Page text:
Intercooler Sizing And End Tank Design With Rob Dahm
Rob Dahm rethinks, redesigns, and retests his current intercooler and end tanks to unlock more horsepower on his 4 rotor RX7. Using CFD analysis, he identifies where the current setup has restrictions that are causing pressure drop and robbing Rob’s 4 Rotor of horsepower. The goal of a well designed intercooler and end tank set up is to have consistent flow through the tanks and core to optimize cooling and also minimize pressure drop. Pressure drop is when the pressure leaving the core is lower than what is coming in from the turbo due to restrictions in the design. See Robs latest video that details his process.
On the Garrett website you can find some important information on turbo system optimization. Click here for the whole writeup or read on below for information on intercooler systems.
Each intercooler core is rated for a specific horsepower, making it as easy as matching your desired power target to the core. In general, use the largest core that will fit within the packaging constraints of the application. Click here for our intercooler product page.
The piping diameter should be sized with the capability to flow approximately 200 – 300 ft/sec. Selecting a flow diameter less than the calculated value results in a pressure dropping due to the restricted flow area. If the diameter is instead increased above the calculated value, the cooling flow expands to fill the larger diameter, which slows the transient response. For bends in the tubing, a good design standard is to size the bend radius so it is 1.5 times greater than the tubing diameter. The flow area must be free of restrictive elements such as sharp transitions in size or configuration.
Calculating Flow Area: π x Radius²
GTX5533R Gen II has a 3.25″ compressor outlet diameter
3.25 / 2 = 1.625 (Radius)
π x 1.625² = 8.30 inches²
Intercooler ducting is 3″
3 / 2 = 1.5 (Radius)
π x 1.5² = 7.07 inches²
Conclusion: In the scenario above you can see the area of the compressor housing outlet is 8.30 in² and the area of the intercooler ducting is 7.07 in² even though there is only a .25″ difference in the radius. This will result in a restriction in the intercooler system and a potential loss in performance. In very simple terms, be aware that ducting for your turbo system should never be smaller than the radius of the compressor outlet or outlets in twin systems.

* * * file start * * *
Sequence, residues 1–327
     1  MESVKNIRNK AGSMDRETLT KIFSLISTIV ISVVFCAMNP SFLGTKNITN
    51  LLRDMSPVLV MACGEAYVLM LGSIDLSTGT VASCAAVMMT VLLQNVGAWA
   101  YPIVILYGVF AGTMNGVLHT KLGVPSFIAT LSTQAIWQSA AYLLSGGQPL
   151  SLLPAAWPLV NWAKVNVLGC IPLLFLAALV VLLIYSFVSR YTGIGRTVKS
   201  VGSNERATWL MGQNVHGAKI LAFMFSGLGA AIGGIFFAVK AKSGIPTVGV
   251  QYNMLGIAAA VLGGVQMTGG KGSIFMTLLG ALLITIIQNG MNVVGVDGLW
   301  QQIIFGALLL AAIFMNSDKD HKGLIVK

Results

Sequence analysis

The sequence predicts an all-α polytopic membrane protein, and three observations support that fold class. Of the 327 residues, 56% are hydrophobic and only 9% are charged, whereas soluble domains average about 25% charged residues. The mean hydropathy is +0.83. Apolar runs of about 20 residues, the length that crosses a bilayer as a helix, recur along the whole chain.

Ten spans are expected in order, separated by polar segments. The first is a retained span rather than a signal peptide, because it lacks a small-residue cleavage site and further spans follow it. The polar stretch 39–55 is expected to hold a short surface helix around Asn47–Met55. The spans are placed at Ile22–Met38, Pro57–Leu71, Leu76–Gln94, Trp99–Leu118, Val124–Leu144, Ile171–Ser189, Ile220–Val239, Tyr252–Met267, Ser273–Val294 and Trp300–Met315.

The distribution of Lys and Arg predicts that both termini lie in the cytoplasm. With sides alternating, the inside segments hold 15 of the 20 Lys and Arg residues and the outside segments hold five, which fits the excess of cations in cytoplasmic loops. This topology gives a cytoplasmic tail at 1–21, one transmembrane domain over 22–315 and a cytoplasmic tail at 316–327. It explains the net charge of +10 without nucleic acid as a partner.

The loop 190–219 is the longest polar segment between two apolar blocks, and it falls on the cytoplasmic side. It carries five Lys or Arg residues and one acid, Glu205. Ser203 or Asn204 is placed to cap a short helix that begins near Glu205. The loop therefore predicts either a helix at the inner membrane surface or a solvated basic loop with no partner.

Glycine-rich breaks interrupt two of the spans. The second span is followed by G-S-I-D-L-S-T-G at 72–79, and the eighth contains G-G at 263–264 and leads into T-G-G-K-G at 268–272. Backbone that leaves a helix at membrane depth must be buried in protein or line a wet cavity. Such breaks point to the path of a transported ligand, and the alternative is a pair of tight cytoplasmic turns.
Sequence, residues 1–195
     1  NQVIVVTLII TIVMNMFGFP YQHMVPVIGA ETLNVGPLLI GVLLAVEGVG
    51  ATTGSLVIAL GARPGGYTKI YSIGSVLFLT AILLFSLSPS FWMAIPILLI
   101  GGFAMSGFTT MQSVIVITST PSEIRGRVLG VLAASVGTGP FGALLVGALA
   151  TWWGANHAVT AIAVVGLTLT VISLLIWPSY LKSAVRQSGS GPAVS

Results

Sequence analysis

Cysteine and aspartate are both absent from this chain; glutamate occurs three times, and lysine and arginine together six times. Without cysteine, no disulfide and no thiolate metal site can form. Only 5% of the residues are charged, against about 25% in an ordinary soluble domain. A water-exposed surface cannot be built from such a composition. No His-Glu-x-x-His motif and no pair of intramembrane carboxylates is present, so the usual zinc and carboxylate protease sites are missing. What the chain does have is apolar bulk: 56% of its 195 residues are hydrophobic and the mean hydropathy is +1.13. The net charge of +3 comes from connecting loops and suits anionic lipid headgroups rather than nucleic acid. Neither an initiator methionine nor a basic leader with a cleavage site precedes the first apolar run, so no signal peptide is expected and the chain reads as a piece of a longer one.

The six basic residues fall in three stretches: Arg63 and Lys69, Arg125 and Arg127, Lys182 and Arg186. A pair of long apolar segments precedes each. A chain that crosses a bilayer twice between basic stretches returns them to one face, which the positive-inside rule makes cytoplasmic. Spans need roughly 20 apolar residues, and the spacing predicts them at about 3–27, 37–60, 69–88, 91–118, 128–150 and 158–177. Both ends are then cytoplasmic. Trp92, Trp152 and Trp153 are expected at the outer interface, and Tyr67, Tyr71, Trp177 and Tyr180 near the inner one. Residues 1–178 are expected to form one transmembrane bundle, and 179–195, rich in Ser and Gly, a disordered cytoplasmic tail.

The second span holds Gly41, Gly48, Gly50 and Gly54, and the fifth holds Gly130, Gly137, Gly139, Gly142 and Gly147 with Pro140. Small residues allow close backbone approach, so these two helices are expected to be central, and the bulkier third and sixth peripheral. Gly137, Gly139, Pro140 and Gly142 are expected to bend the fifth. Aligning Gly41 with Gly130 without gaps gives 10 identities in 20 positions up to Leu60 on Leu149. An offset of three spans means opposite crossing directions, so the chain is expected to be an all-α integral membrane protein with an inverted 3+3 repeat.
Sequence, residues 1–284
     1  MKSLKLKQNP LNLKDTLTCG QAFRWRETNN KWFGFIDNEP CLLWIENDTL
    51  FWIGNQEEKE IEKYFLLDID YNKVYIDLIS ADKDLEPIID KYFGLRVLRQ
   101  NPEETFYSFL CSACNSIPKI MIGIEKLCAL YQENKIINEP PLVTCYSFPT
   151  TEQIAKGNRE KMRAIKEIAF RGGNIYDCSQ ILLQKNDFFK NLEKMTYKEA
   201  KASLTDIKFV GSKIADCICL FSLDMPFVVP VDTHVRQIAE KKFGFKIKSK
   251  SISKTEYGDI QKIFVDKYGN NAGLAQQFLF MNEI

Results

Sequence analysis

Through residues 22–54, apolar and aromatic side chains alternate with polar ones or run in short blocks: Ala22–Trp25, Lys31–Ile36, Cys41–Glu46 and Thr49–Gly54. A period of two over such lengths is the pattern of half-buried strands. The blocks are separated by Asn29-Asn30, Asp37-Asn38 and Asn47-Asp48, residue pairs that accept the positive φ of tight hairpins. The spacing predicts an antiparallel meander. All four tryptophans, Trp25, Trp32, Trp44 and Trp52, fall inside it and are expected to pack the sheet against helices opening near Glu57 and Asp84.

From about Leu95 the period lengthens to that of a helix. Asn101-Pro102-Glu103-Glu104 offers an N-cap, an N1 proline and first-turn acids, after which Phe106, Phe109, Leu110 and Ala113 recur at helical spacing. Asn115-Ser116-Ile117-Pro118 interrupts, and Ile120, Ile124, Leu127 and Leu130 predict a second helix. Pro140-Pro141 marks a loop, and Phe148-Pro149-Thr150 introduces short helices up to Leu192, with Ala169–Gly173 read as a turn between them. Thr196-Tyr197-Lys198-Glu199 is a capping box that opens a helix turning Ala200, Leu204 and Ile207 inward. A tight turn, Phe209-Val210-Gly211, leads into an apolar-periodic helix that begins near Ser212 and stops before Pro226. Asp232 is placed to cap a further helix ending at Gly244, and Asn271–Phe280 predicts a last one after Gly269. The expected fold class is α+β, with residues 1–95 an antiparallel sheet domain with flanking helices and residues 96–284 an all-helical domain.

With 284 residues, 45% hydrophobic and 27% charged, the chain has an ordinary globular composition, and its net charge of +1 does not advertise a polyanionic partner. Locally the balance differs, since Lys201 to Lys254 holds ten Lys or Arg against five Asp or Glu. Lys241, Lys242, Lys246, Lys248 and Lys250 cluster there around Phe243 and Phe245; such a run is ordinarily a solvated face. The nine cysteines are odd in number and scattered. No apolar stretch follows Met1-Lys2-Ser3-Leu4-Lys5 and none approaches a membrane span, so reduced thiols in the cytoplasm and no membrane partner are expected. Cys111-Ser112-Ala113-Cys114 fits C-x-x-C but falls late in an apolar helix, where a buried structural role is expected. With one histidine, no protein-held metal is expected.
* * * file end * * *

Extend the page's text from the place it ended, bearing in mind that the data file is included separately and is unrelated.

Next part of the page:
Another important factor in selecting the correct intercooler is the end tank design. Proper manifold shape is critical in minimizing pressure drop and providing uniform flow distribution. Good manifold shapes minimize losses and provide fairly even flow distribution. The over-the-top design can starve the top tubes, however. The side entry is ideal for both pressure drop and flow distribution, but it is usually not possible due to vehicle space limitations. Proper mounting of the intercooler increases the durability of the system. Air to air charge air coolers are typically “soft-mounted”, meaning they use rubber isolation grommets. This type of mounting is also used for the entire cooling module. The design guards against vibration failure by providing damping of vibration loads. It also reduces thermal loads by providing for thermal expansion.
Tubing Diameter: velocity of 200 – 300 ft/sec is desirable.
Too small a diameter will increase pressure drop, too large can slow transient response.
Velocity (ft/min) = Volumetric Flow rate (CFM) / Area (ft2)
For twin turbo setups, divide the flow rate by (2).
Charge tubing design affects the overall performance, so there are a few points to keep in mind to get the best performance from your system.
Duct bend radius: – Radius/diameter > 1.5
Flow area: – Avoid area changes, sharp transitions, shape changes. Available packaging space in the vehicle usually dictates certain designs